For two decades now the occupational stressors/stress regulatory debate in Australia has limped along with the same arguments, same objections, same type of discussions. The same largely impractical documents mentioning psychological effects, physical effects, ‘good stress’ and what is or isn’t a disease and, of course, finger-wagging advice about risk assessments.
Exactly how has all this benefited workers? So far as I can see across many industries very little indeed. I can actually identify individual workplaces where 20 year old stressors have still not been eliminated nor controlled, others are worse even though managers have come and gone.
There was a period in this debate when the bio-medical models were prominent (The Fluid Phase) with a focus on the ‘stress hormones’ – adrenaline, noradrenaline, cortisol and dopamine. Melatonin and serotonin were also discussed, but not nearly as much. Result? No benefit to workers. There was a period of debate about words (The Semantic Phase): what exactly did ‘stress’ mean? What about ‘strain’? Or ‘eustress’ (euphoric stress)? What about ‘distress’? Or the more insidious ‘good’ or ‘positive stress’ and ‘hardiness’, remember them? Result? No benefit to workers at the job. Then there was forensic interest in ‘which exactly contributes more to occupational stress: life generally, genetics, personality or things at work’ (The Multiplex Phase)?
Changes in organisation, in numbers of workers, in rosters, in workloads (vis a vis process and machinery changes) have resulted in improvements, but these have been rare. The matters of shorter shifts, longer breaks (say, at 3 am), genuine reductions in levels of fatigue and fear of job loss have generally become worse.Pick an industry, pick a workplace: A mine? A foundry? A white goods factory? A textile factory? A road construction job? A supermarket? A school with its special pressures? A busy hotel with a restaurant? An office? A hospital? A psychiatric ward? An aged care facility? A fishing boat? Food processing
Now consider some presumably unique workloads
- A pilot landing a plane with 500 passengers in bad weather;
- A marine pilot manoeuvring and berthing a giant chemical tanker in port at 11 am 2 kms from the CBD;
- The surgeon at a delicate moment of risk to life;
- A school teacher maintaining control of a large and difficult class, day after day, week after week;
- An offshore platform worker on 12-14 hour night shifts, on a cycle of 14 days at a time away from home;
- A miner 1200 meters underground working in 400C in a seismically-prone mine that has already killed workers;
- A bus driver under constant time table pressure in peak traffic;
- A nurse watching suffering patients, having to manage her/his own prolonged emotion work;
- The psychiatric nurse trying to handle unpredictable and violent psychotic patients;
- A soldier being shot at in a battle field;
- Ambulance medics at yet another road incident with serious injuries;
- A fire fighter at a 4.30 am house fire;
- A 54 year old worker in constant (management-orchestrated) fear of job loss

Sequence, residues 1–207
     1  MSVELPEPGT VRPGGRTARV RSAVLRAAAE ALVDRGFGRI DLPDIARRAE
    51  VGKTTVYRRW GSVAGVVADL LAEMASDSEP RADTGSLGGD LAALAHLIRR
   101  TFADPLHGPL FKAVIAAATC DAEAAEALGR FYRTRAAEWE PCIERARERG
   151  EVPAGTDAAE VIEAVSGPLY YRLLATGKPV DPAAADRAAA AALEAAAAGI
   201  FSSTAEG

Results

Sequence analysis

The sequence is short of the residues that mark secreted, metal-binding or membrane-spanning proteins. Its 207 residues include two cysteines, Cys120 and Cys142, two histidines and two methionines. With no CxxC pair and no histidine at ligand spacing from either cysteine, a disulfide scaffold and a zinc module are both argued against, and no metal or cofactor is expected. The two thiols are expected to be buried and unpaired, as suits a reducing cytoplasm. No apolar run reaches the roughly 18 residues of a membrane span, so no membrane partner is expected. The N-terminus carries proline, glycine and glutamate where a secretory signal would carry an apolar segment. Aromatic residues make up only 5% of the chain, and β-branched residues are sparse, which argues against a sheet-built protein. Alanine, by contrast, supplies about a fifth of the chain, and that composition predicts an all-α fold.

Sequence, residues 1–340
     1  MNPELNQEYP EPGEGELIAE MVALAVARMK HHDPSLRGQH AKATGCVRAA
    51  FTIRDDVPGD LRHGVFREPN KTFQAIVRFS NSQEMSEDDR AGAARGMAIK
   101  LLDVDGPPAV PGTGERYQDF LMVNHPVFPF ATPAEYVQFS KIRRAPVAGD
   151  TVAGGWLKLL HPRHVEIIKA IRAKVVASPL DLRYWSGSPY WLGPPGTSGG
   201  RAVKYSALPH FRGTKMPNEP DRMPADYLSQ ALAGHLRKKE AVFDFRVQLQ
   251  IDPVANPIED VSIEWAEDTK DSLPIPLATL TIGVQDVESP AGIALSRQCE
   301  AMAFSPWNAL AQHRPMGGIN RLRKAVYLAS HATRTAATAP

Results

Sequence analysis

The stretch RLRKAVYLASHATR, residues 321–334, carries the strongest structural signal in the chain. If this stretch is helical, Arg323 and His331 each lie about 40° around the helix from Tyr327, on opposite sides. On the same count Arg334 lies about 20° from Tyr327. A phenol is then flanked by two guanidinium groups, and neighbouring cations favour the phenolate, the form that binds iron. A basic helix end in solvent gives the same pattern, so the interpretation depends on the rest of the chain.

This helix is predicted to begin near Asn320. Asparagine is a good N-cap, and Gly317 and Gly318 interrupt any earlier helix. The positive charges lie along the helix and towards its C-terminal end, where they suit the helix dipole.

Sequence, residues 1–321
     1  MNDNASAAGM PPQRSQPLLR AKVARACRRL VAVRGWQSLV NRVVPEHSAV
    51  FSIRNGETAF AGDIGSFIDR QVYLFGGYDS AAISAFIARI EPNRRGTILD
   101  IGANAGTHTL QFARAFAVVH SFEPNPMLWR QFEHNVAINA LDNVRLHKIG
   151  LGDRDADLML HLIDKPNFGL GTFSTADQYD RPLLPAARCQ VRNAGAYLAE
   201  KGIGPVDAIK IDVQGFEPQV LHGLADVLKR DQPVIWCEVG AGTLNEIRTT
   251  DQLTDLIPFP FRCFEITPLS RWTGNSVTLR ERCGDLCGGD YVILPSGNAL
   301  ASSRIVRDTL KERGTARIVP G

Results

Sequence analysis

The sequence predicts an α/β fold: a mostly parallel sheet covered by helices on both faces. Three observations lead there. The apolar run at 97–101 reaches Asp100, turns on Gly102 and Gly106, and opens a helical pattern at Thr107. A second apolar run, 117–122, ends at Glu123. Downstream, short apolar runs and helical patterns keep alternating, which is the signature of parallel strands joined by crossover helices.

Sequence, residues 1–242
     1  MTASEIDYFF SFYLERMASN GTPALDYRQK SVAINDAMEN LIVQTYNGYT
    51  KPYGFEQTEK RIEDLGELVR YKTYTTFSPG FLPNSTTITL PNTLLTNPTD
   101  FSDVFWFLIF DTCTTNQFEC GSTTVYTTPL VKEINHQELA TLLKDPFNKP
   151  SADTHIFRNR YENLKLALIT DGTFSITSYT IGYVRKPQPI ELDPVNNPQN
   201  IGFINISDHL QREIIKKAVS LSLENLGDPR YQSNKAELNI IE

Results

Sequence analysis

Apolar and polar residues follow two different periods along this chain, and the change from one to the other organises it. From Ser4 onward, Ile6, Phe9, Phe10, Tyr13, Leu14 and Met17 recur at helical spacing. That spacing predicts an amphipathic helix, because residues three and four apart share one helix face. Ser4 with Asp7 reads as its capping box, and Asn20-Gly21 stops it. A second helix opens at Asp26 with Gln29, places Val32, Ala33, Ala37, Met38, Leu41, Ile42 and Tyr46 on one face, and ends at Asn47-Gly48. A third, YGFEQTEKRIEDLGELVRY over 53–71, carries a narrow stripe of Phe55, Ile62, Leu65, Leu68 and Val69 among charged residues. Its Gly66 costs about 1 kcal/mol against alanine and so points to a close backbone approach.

Similarities? There’ll be workload, various fluctuating demands, at times conflicting massages to deal with, and many kinds of rosters and associated fatigue. There will be various degrees of control, loss of control or lack of control, and all will be processed and managed through a mix of personal and socio-occupationally influenced perceptions
Certain of these job events will be experienced as stressors by some workers, (they mightn’t call it that), and differently from time to time. Workers will say things like, “This puts pressure on me”, “This really makes me angry”, “ This really frustrates me”, “The work pace is so hard I barely get time to breathe”, “I can’t stand the constant shrieking noise that gets through the ear muffs and into your bones”, “I can’t stand the smell of the fumes that gets into and stays in my skin”, “I am anxious about using this chemical”, “She always treats me as if I don’t have a brain”, “I just can’t get the paperwork done with all these projects he keeps piling on me”, “I can’t just neglect the patient, but I can’t cope with all the staff that’s gone”, “How am I supposed to know what’s going on in the bloody pressure vessels without proper training?”……. and so on.
These are heard at work daily and are expressions of feelings generally referred to as ‘stress’. The triggers and causes are usually some easily named job events.
So what’s the point? There’s nothing complicated or esoteric about most of this. By and large workers suffer under these pressures (pick your favourite descriptor). The range of such suffering has many variations. If it were asbestos in the factory (for example) we would not ask workers to walk around with respirators and masks all day. We’d eliminate or control the asbestos. Why do some believe that with this particular workplace hazard (the stressors) the best primary approach is to ‘train’ the worker to ‘cope better’ with the resulting ‘stress’?
At work the method ought to be a simple one: ask workers to name/describe the job events that they experience as stressors, and then, just like with any other hazard, either eliminate or control them. The majority of these ‘noxious’ job events can be handled like that.
National OHS coordinator
Australian Workers’ Union